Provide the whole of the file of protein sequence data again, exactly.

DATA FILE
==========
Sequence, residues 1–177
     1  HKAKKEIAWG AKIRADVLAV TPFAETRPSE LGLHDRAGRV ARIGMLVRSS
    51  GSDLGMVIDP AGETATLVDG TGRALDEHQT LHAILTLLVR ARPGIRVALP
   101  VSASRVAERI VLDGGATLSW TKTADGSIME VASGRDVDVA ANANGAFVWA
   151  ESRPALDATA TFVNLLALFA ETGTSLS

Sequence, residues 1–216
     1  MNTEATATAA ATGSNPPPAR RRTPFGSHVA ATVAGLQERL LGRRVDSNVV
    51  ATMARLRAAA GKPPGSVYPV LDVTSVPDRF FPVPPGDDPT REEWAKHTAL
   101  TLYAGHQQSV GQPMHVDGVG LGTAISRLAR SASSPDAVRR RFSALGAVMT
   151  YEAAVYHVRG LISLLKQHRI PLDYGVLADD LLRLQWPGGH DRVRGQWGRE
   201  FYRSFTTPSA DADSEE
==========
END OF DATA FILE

Sequence, residues 1–177
     1  HKAKKEIAWG AKIRADVLAV TPFAETRPSE LGLHDRAGRV ARIGMLVRSS
    51  GSDLGMVIDP AGETATLVDG TGRALDEHQT LHAILTLLVR ARPGIRVALP
   101  VSASRVAERI VLDGGATLSW TKTADGSIME VASGRDVDVA ANANGAFVWA
   151  ESRPALDATA TFVNLLALFA ETGTSLS

Sequence, residues 1–216
     1  MNTEATATAA ATGSNPPPAR RRTPFGSHVA ATVAGLQERL LGRRVDSNVV
    51  ATMARLRAAA GKPPGSVYPV LDVTSVPDRF FPVPPGDDPT REEWAKHTAL
   101  TLYAGHQQSV GQPMHVDGVG LGTAISRLAR SASSPDAVRR RFSALGAVMT
   151  YEAAVYHVRG LISLLKQHRI PLDYGVLADD LLRLQWPGGH DRVRGQWGRE
   201  FYRSFTTPSA DADSEE